Very emotional, but more scary for our children's BM than for us.
Yes to very emotional. My ds's mum (im birth mum) was in tears as soon as she saw me. There was a lot of tears and I did ask (and please do) that social servuces provide tissues cos I have found that the family room at the local authority I'm under never has any (which is where bad news such as Child not coming home and these meetings are scheduled for so really I feel they should. Goes without thought it would be emotional and possibly involve tears)
Thank you for your messages above and I take those on board. My DH is not at all sure that meeting the birth parents would be of any benefit to anyone but themselves and tick a box for the Social Workers. We have been told so much about them and a huge amount about the child from the Foster Mother already.
I wonder if meeting birth parents is easier if they have had their children removed through no fault of their own ie: learning difficulties, too young to cope etc rather than through not looking after them.
There is a benefit to meeting which doesn't come from the answers to your questions - (btw I asked about name, the birth, BM's hobbies, any memories or anecdotes about DD she would like to share and have DD know about, the things she hoped for DD's future, which of her birth relatives DD most takes after, what she wanted DD to know and be told about her, what she most wanted to hear about in letterbox, among other things)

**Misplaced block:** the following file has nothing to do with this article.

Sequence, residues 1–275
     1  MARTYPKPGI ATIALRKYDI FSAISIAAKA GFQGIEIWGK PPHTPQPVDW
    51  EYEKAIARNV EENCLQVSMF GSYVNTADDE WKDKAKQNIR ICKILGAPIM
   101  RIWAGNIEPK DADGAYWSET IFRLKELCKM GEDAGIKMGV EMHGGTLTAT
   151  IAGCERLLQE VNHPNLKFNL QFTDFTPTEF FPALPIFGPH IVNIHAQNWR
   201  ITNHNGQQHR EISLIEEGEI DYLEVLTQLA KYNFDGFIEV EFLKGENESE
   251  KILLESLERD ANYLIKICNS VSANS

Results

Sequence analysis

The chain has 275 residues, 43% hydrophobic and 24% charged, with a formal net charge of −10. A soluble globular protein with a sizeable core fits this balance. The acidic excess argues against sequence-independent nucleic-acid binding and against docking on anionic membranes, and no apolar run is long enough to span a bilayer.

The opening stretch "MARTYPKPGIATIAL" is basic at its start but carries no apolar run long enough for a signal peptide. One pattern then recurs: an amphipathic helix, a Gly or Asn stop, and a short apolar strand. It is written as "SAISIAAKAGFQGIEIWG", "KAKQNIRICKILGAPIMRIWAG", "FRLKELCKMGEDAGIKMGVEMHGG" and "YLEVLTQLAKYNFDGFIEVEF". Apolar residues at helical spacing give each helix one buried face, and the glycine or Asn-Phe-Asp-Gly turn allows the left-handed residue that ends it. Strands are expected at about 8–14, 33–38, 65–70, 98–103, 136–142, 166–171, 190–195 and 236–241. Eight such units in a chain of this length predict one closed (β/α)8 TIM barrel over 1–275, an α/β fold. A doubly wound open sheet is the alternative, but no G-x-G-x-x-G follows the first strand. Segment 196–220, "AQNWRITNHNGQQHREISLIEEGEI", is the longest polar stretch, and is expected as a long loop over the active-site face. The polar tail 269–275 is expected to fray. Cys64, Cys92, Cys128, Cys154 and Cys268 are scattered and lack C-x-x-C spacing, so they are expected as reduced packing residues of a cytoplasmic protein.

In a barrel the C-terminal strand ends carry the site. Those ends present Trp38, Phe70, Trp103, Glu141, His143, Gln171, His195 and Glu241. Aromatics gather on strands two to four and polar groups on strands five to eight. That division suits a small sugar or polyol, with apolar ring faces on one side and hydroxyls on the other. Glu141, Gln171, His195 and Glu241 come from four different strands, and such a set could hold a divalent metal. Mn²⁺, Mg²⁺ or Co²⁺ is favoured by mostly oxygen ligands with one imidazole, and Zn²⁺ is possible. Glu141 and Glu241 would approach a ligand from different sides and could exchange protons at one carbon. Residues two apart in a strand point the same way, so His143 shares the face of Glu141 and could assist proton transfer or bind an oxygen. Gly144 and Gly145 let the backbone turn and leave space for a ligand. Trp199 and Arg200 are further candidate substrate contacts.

That other benefits are that you've only heard about BM on paper so far, and this is quite abstract. Meeting her, and seeing and interacting with her as a human being, adds a whole new layer to this.
I heard all about lack of care, abuse etc, and I was really apprehensive before the meeting for these meetings. But I found that I gained a lot of empathy for her, and I gained even more insight into why she was never going to be able to change. I can't really state how much I gained from seeing her, from knowing her a bit, as a human being, not a figure on paper. There are some things that can't really be conveyed in writing